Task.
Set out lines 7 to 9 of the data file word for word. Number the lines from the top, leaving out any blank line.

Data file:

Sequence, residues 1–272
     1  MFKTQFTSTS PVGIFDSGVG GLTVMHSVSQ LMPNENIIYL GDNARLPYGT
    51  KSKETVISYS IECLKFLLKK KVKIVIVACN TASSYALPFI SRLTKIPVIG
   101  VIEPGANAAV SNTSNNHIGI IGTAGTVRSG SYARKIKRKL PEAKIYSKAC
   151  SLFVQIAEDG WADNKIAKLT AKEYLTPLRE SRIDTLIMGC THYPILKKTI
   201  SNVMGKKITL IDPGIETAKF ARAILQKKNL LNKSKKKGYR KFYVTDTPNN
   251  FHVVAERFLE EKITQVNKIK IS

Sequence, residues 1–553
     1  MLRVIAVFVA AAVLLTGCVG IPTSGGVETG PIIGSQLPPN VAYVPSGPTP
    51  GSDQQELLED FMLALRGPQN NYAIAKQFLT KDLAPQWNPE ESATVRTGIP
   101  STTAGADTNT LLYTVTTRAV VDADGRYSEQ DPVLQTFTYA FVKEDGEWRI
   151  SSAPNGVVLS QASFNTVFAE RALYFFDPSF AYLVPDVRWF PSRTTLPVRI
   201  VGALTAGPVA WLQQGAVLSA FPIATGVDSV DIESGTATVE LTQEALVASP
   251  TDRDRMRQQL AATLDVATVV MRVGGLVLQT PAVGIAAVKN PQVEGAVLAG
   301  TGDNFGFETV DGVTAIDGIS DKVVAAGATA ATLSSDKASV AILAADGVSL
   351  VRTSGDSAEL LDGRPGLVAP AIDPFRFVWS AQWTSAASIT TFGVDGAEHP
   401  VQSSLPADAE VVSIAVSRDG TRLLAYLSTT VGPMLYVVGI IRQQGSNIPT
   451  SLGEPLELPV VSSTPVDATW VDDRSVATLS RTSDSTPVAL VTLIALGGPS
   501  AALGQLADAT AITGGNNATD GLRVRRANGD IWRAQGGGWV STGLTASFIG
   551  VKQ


   251  FHVVAERFLE EKITQVNKIK IS

Sequence, residues 1–553
     1  MLRVIAVFVA AAVLLTGCVG IPTSGGVETG PIIGSQLPPN VAYVPSGPTP